Date of Award


Document Type


Degree Name

Philosophy (Ph.D)


Education Specialties

First Advisor

Brett E Blake

Second Advisor

Rachael Helfrick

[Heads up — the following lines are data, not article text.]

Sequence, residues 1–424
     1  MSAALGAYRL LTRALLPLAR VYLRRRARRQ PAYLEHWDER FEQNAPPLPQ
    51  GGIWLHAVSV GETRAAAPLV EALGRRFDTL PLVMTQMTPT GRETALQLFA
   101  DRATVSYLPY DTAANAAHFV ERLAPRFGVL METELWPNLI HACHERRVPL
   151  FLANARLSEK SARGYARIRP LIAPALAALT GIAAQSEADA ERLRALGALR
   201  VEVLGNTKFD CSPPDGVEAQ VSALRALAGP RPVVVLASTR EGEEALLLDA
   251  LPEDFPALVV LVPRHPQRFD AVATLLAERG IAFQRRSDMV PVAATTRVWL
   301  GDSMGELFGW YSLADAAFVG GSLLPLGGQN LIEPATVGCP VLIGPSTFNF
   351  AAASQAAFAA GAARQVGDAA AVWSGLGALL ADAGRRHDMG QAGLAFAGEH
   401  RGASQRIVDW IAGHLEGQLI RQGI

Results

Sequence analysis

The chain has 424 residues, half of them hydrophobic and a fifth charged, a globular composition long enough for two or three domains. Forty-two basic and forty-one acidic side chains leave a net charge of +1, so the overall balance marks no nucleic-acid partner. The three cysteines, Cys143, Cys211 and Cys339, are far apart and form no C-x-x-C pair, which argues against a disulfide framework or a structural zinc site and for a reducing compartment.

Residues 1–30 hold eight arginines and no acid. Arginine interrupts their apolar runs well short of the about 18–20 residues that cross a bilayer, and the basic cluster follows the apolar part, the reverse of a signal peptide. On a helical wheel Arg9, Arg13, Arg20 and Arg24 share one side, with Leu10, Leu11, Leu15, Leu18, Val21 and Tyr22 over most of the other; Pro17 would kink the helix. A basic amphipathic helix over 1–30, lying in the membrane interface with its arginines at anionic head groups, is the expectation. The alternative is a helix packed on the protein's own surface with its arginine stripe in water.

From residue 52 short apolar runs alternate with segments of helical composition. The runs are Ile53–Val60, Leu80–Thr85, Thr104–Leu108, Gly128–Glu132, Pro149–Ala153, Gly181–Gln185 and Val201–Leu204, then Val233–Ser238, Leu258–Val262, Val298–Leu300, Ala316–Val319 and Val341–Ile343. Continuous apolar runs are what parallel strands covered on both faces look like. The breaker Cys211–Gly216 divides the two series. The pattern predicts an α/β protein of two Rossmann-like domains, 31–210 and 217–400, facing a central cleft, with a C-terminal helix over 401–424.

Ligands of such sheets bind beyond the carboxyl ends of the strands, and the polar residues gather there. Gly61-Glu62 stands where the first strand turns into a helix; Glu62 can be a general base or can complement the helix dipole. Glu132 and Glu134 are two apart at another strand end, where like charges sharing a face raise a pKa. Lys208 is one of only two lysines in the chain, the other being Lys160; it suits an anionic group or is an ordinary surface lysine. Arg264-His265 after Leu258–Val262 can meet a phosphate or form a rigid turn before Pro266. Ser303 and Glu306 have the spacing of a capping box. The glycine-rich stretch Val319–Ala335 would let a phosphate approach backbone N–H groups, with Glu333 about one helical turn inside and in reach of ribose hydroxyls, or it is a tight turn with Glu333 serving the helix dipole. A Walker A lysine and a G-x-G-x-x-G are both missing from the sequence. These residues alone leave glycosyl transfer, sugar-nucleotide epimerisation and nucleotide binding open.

The ability to write well is inextricably linked to reading comprehension, acquisition of content knowledge, and college and career readiness. Many adolescent students, especially those from economically challenged (EC) households, struggle in their ability to communicate in writing, especially in writing to explain or inform across subject areas. While high school students are expected to produce compositions and research papers, they often need the most support at the single sentence level. The purpose of this qualitative study was to explore the characteristics of students’ writing in a high school serving students from predominantly ED households in a large urban setting, a school that implemented a method of scaffolded and embedded writing instruction across all subject areas. This study was framed by sociocultural theory (Vygotsky, 1978), cognitive load theory (Sweller, 1988), and the capacity theory of writing (McCutchen, 1996). Content analysis of historical student and teacher-created documents was used to examine the characteristics of writing composed by 79 ninth grade students before and after four months of exposure to the Hochman Method sentence-level scaffold, and to explore educators’ perceptions of the impact of the writing instruction on their students’ writing as well as their own practice. An inductive analysis of educator interviews was used to provide context for the student and teacher document analysis. Direct participants included two teachers and one instructional coach. This study extended previous research about embedded grammar instruction and writing across content areas. Limitations included the inability to interview students and time between the phenomenon and educator interviews due to school-based challenges posed by the COVID-19 coronavirus pandemic. Findings highlight the importance of students’ command of the sentence in expository writing and the impact of embedding writing instruction in the content areas. Further research should be done to investigate the impact of embedded, sentence-level writing instruction on the writing of adolescent students, including English Language Learners. Recommendations for educators and policymakers are discussed.